St. Brendan is best known as “the Navigator” because of the book, The Navigation of St. Brendan Abbot. an 11th-century epic of his voyages in the Atlantic Ocean. But it was not his travels that made him a saint (although he journeyed forth in the name of the Gospel); it was his work as a monastic founder.
The son of Findlugh, Brendan (also called Brandon) was apparently a native of Tralee in Co. Kerry. As a small child, he was raised, it is said, by St. Ita (or Deirdre), the remarkable abbess of Killeedy who was foster mother to several Irish saints, and ranks second only to St. Brigid among the women saints of Erin. Where Ita left off, Bishop Ere took over, supervising Brendan’s theological education.
We next find the future voyager as a monk of the monastery of Ardfert. He was its superior, and perhaps even its founder. He is reputed to have set up several monasteries. Atop Brandon (i.e., Brendan) Hill in Kerry, for instance, there are still ruins of a St. Brendan’s Chapel surrounded by ancient stone monastic huts. Some say that Brendan also built monasteries in Scotland and Wales. But his principal monastic establishment (around 560) was Clonfert Abbey in Co. Galway. At Clonfert, his biographers report, he ruled as many as 3,000 monks!
Many of the old Irish monks left Ireland in search of more deserted spots across the main. Brendan certainly visited one of these self-exiled ascetics, St. Columba, who had crossed the Irish Sea to lona, to become the apostle of Scotland. Brendan may also have visited Wales, and even Brittany in France,
But the Navigation records the holy abbot’s longest trip, a westward voyage on the open Atlantic in search of “The Land of Promise”. He and his monks built a large seaworthy coracle — a type of boat still used in Ireland, consisting of a wooden or wicker frame covered with leather. Brendan and 14 or more companion monks then set sail from western Ireland, and touched en route upon many lands. Among the islands they encountered, one was covered with birds, another with sheep, another with grapevines, and yet another spouted fire. They saw pillars of crystal float by. They halted on Easter to celebrate Mass on a small barren island, and then built a breakfast fire. When the fire was kindled, the island suddenly started moving. The travelers quickly clambered aboard their boat and watched the supposed islet speed away.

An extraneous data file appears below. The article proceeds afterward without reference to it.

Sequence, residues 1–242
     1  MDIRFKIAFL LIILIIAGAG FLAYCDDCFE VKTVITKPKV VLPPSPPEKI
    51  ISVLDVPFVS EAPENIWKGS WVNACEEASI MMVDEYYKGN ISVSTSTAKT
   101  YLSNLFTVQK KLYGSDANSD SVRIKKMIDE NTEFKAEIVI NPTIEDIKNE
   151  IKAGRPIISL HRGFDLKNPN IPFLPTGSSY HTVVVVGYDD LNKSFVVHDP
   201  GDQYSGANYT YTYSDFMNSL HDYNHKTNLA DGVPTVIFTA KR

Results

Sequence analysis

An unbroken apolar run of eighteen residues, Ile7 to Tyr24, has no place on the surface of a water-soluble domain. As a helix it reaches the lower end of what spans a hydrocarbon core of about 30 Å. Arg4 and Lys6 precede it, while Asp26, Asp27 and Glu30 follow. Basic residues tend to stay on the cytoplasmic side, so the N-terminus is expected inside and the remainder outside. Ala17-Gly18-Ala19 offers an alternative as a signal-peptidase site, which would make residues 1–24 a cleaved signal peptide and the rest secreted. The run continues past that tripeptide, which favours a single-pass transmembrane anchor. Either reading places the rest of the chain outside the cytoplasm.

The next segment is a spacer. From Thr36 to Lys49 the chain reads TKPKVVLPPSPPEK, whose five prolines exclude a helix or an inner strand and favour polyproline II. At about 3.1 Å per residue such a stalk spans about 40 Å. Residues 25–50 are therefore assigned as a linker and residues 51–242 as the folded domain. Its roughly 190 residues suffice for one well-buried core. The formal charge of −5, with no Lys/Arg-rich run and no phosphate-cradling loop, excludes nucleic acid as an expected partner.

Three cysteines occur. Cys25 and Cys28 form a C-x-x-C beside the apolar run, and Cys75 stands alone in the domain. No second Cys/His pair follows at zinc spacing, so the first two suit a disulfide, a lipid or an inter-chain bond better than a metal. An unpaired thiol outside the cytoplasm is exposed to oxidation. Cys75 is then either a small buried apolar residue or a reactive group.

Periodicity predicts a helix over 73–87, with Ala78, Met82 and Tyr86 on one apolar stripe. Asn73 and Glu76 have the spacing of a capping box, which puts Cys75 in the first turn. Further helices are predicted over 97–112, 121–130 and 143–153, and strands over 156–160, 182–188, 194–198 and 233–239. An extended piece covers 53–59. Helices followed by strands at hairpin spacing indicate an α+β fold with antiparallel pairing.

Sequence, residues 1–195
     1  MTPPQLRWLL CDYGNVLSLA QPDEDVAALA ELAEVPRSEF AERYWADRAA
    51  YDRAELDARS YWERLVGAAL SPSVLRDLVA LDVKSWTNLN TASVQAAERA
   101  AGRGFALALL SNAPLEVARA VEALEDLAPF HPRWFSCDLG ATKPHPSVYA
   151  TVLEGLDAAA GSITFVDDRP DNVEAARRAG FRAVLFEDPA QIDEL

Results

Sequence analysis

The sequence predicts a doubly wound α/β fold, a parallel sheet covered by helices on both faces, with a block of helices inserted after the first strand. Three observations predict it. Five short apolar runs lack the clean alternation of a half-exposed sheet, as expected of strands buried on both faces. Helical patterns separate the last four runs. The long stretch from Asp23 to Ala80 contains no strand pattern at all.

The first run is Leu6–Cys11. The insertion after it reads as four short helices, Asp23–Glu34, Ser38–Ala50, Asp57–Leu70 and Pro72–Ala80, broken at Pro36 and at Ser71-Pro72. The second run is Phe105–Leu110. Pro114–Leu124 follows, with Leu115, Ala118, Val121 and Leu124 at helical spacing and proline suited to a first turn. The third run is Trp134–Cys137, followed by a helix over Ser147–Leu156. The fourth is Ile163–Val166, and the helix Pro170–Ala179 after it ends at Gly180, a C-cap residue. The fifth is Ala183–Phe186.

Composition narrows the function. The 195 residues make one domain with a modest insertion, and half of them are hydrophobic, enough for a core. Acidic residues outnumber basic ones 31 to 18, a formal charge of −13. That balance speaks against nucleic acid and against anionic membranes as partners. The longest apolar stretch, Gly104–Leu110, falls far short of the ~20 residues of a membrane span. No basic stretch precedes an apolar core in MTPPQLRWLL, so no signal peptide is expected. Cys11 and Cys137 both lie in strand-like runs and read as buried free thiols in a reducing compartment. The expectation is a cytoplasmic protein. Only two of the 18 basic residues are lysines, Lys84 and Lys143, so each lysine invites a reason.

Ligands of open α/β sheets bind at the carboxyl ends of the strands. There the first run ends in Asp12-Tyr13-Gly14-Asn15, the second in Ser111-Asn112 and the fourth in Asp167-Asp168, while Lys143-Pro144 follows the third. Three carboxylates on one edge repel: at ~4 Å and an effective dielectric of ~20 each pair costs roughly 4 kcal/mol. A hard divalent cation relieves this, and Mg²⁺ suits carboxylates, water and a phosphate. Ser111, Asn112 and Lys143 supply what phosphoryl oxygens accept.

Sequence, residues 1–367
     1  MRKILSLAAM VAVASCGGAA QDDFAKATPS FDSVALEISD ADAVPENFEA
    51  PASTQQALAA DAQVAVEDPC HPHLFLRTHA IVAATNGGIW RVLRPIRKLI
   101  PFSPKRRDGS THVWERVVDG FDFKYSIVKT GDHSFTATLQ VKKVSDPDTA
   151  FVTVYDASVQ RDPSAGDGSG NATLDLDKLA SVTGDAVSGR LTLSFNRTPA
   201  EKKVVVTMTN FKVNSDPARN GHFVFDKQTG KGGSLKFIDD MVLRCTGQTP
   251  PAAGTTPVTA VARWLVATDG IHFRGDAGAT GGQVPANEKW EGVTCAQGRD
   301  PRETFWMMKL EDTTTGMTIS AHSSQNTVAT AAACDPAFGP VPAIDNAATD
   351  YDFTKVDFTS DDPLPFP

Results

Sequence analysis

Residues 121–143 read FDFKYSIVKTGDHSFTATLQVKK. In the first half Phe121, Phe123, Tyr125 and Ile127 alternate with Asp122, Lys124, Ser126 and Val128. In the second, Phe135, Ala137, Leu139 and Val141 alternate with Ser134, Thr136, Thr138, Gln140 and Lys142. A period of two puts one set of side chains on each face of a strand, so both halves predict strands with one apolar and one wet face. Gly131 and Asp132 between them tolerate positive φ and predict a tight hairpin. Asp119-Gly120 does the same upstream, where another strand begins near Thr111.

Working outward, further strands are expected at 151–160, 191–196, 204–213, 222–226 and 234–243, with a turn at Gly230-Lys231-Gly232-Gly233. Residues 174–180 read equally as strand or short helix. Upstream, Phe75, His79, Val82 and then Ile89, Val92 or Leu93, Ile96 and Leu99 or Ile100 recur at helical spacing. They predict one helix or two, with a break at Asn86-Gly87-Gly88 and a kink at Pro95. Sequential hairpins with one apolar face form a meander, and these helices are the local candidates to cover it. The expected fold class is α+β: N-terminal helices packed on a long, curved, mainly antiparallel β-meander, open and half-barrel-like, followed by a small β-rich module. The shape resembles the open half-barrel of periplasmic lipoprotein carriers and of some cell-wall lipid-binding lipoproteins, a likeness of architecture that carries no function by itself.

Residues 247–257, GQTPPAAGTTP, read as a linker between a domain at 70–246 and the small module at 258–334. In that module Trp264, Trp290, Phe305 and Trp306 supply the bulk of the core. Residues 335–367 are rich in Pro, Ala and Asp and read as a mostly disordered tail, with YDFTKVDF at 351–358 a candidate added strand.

They had landed on a sleeping whale! Eventually the monks reached their paradisal, subtropical destination in the western Atlantic. Then they sailed back to Ireland.
Much of this narrative is fantasy, but it may well be based on a real pre-Leif Ericsson voyage to North America. In 1976-77 explorer Tim Severin and a few colleagues built a large leather boat of the same coracle type and made the journey from Ireland to Newfoundland. En route they noted islands full of birds and sheep, and vines, as well as firespouting volcanic islands that could have been those described in the Navigation. The pillars of crystal mentioned could easily have been icebergs. Severin’s trip therefore proved that an ocean voyage in such a boat was possible. Interestingly enough, there are modern stories of sailors disembarking on quiescent whales. But only archaeological evidence can prove if Brendan or other early Irish navigators actually reached North America.
Especially because of the wide circulations of the Brendan saga, the Irish monastic founder became known throughout Europe. All the old maps showed his fabulous “Land of Promise,” (also called “San Brendan,” “The Fortunate Isle,” or ” Hy-Brasil”), indicated now here, now there in the Atlantic.
Brendan spent his last years at home. He died while visiting his sister Brig, a nun, in Annaghdown. Fearing that after his death his devotees might try to make off with his remains, the Saint had arranged before dying to have his body carried back to Clonfert secretly, concealed in a luggage cart bound for the monastery. He was buried in Clonfert cathedral.
–Father Robert F. McNamara